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A chisel is a cutting tool with shaped cutting edges at its end. It is essential in various trades including woodworking, metalworking, and stone working. Chisels are often made of metal and have a handle that provide a grip for the user’s hand. 

Different Chisel Types

Chisels are useful for carving, or shaping materials such as wood, stone, metal, or plastic. They come in various shapes and sizes, each designed for specific tasks. Here are some examples:

  • Bevel Edge: Used for general woodworking tasks such as cutting, shaping, and paring.
  • Firmer: This chisel has a thicker blade and is designed for heavy-duty tasks such as mortising and chopping. 
  • Mortise: Mortise chisels have a thicker blade and stronger construction. They are specifically designed for cutting mortises (rectangular holes) in wood.
  • Carving: Chisels with specialized shapes designed for intricate carvings. This tool allows artistic woodworkers to create detailed patterns and designs. 
  • Gouge: This version has a curved or scooped cutting edges. This tool can create concave shapes in wood. 
  • Paring: Equipped with thin blades, paring chisels can perform delicate tasks that require precision, like fitting joints.
  • Corner: Corner chisels have a 90-degree angle and can square out corners in woodworking. 
  • Chisel Sets: These sets often include a variety of chisels with different sizes and types to accommodate various woodworking needs.

How to Use a Chisel

The chisel’s blades can cut materials with the application of controlled force.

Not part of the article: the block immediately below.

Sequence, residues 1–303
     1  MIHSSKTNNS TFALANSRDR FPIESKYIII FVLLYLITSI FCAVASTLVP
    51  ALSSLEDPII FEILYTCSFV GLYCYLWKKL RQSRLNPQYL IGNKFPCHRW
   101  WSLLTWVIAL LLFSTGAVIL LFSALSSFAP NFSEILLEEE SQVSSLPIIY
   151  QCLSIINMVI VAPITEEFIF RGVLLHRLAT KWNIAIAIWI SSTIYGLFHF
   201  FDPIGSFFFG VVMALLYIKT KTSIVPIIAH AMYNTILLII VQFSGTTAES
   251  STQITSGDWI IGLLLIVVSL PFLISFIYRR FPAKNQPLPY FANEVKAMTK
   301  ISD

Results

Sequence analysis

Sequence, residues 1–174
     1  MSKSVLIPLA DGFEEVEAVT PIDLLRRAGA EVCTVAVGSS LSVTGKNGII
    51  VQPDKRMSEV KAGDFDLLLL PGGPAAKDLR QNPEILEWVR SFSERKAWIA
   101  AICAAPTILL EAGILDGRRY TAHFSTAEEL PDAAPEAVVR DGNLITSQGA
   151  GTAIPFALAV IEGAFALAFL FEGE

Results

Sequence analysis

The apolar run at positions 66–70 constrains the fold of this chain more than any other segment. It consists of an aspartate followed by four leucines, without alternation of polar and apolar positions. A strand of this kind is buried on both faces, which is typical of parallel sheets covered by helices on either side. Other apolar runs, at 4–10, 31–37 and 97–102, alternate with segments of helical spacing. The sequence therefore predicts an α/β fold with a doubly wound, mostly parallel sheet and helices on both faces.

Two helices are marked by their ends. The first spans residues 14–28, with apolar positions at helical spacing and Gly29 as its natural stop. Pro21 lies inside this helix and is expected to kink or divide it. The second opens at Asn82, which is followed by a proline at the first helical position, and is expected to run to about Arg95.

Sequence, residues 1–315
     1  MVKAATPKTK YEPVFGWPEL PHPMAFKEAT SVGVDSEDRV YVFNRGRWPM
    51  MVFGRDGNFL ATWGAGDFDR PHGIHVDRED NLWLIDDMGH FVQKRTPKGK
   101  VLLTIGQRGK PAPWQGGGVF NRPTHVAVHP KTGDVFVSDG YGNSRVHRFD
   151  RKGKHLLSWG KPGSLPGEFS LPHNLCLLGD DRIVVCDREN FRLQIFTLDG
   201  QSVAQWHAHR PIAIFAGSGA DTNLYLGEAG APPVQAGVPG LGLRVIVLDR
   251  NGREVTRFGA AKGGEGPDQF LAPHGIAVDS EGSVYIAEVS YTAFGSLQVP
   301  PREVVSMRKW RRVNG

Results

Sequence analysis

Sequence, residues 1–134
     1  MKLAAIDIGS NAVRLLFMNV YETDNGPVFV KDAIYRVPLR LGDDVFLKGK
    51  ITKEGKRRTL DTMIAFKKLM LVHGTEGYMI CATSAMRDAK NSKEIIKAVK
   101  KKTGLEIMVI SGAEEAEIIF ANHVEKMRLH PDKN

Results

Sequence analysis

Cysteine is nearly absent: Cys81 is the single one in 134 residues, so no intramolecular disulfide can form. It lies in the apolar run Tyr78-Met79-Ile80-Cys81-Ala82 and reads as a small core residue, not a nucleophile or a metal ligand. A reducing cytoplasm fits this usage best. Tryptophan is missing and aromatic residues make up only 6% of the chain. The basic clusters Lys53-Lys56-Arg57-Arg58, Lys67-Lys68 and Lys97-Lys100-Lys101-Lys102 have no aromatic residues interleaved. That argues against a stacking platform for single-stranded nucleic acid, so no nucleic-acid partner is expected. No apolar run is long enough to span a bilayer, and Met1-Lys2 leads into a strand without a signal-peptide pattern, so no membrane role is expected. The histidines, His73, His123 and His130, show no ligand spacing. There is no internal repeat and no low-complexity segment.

Firstly, position the blade’s cutting edge against the wood. Secondly, strike the tool with a mallet or hammer to chip away at the material. Users should always direct the force perpendicularly to the blade’s cutting edge.

Handling Safety

Proper handling is essential to preventing accidents and injuries, as well as damage to both the tool and the workpiece. Here are some safety tips to remember:

  • Inspect the tool for any signs of damage such as cracks or chips
  • Always maintain the chisel’s sharpness
  • Wear protective gear such as goggles, to prevent eyes from flying debris
  • Use a wooden or rubber mallet to strike the chisel’s handle. Avoid using a metal hammer, as it can damage the chisel’s cutting edge
  • Use controlled and precise force when striking the tool.
  • When working on surfaces such as tabletops, use a cutting mat to protect the surface and prevent the chisel from slipping
  • For woodworking newbies, seek guidance from experienced craftsmen
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John Friedenbach

My initial goal, to provide a selection of tools, education and plans to the Beginning to Advance Woodworker has not changed. I continue to search the web to find new products and services. To bring those products and services to your attention.

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